Dubai has been ranked as the world’s fourth most active market in the luxury residential segment as sales of prime properties continued to pick up amid a wider economic recovery, a new report said.
The emirate, the commercial and tourism hub of the Middle East, recorded the sale of 219 homes priced above $10 million last year, with the total value of the transactions reaching $3.8 billion, global property consultancy Knight Frank said in a report on Wednesday.
Dubai ranks behind New York (244 sales), Los Angeles (225 sales) and London (223 sales).
It is also the fifth most active city for sales of homes price above $25 million, with the same three cities plus Hong Kong ranking higher.
“The emirate has taken its place among long-established hub cities as one of the world’s most sought-after luxury residential markets,” Faisal Durrani, partner and head of Middle East Research at Knight Frank, said.
“The growing concentration of wealth in the city has been catalysed by a confluence of factors, ranging from the government’s decisive response to the pandemic to the roll-out of a range of new residency visa options,” he said.
Dubai’s luxury residential market “remains significantly undersupplied”, with just eight new villas expected in the city’s prime neighbourhoods until 2025, he added.
Dubai is also “more affordable than its global counterparts … adding to the overall appeal of owning a home in Dubai among the world’s elite. Indeed, $1 million in Dubai’s prime residential precincts translates into approximately 1,130 square feet of space, roughly five-times more than Hong Kong and three-times more than London or Singapore”, Mr Durrani said.
The emirate's property market has been buoyed by the recovery in its economy from the coronavirus pandemic on the back of higher oil prices and government policies, including changes to visa rules to attract more investment.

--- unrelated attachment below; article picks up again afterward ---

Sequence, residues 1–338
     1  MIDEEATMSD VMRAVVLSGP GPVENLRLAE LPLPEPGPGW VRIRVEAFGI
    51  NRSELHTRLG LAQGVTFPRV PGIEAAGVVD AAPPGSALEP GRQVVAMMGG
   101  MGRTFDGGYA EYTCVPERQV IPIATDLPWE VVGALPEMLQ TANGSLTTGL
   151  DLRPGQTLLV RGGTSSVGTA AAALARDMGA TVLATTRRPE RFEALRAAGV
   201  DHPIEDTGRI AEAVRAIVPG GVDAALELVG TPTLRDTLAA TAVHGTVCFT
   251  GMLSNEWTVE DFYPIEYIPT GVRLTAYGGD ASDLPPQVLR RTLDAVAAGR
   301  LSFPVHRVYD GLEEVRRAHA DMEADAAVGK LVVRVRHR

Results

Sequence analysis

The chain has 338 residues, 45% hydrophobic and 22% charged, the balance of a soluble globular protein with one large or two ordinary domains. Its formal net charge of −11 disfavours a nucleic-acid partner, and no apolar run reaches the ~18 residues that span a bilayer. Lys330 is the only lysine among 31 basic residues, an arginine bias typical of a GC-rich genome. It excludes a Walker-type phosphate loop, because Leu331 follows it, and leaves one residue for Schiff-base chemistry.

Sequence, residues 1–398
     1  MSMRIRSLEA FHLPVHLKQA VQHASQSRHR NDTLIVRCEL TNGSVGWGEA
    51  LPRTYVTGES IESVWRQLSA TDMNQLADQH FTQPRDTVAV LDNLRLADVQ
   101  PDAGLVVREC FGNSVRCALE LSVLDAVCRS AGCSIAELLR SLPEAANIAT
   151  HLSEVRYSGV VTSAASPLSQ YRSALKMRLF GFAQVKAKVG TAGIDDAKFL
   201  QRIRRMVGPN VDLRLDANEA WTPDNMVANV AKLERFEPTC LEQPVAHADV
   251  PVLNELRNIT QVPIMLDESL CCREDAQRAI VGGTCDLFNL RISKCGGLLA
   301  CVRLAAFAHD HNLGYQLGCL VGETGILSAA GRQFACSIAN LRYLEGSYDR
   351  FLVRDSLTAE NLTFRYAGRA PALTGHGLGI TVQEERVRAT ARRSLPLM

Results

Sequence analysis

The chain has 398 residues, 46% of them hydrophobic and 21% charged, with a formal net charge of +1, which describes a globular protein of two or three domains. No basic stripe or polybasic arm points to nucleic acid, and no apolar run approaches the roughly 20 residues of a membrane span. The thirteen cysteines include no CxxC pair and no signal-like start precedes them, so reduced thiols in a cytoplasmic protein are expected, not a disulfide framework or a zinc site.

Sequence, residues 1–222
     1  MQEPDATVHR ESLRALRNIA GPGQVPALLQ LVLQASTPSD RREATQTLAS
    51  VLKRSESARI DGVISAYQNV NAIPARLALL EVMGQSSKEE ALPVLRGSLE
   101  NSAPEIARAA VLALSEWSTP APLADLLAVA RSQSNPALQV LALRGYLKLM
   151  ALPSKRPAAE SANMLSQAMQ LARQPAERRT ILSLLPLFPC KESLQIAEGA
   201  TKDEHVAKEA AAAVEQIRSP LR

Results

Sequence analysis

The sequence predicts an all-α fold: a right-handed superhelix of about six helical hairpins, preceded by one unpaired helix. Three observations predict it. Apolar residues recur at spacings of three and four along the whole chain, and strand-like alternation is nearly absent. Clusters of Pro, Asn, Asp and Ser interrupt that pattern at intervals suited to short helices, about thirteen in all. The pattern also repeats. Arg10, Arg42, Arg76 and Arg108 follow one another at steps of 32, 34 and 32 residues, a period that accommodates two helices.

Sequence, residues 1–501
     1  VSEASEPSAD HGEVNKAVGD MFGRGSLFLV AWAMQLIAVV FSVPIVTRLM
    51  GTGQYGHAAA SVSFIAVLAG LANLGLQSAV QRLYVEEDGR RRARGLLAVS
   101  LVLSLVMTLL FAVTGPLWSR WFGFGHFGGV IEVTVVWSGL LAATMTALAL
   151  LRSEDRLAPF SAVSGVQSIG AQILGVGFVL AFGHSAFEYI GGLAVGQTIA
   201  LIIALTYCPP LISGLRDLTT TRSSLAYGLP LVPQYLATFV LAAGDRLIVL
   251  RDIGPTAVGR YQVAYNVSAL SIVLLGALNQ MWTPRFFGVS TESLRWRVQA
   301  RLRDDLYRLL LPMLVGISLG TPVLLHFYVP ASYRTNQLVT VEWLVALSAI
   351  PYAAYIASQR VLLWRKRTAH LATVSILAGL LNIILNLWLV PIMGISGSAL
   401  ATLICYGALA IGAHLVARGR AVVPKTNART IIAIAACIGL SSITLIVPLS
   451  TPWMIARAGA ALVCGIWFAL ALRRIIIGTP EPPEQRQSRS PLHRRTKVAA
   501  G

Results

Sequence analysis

Dubai’s economy expanded by 4.6 per cent on an annual basis in the first nine months of 2022, with wholesale and retail trade accounting for 24.1 per cent of its gross domestic product, according to the Dubai Statistics Centre.
Emirates NBD estimates Dubai's full-year 2022 growth at 5 per cent. It expects the emirate’s GDP to grow by 3.5 per cent in 2023.
Dubai's property market also had a record-breaking year in 2022.
The market recorded 90,881 transactions last year, exceeding the previous high of 81,182 in 2009, property consultancy CBRE said in its Dubai Residential Market Snapshot report.
“With the strongest prime residential growth rate in the world forecast this year at 13.5 per cent, Dubai’s market still represents outstanding relative value,” Andrew Cummings, partner and head of prime residential at Knight Frank, said.
“It is this value that continues to drive UHNWI [ultra high net worth individual] buyers into our market, most of whom are seeking a sun-sand-sea lifestyle that is now synonymous with Dubai.”
The city's appeal is worldwide, but in 2022, “we saw a resurgence of investment from our traditional long-time stalwarts of the buyer nationality”, including from the UK and India, as well as Europeans, he said.
“Chinese investors have also bounced back post-pandemic, making Middle East residential investments very lucrative,” Mr Cummings said.
China reopened its economy in January after enforcing strict movement restrictions for many months to stem the spread of the pandemic.
“The rapid return to normality following the pandemic also attracted numerous businesses from Europe, the UK and Asia to establish offices here, or relocate their headquarters altogether, which has given rise to buyers from new markets such as Monaco, Switzerland, Singapore and Hong Kong,” Mr Cummings said.
Knight Frank’s 2023 Wealth Report also includes findings of its annual Attitudes Survey, with respondents including private bankers, wealth advisers and family offices naming the UK the most popular residential investment target for 2023, followed by the UAE and the US.
The report also said 37 per cent of UHNWIs in the Middle East grew their wealth in 2022 by more than 10 per cent, despite it being a year of slow global growth after the pandemic.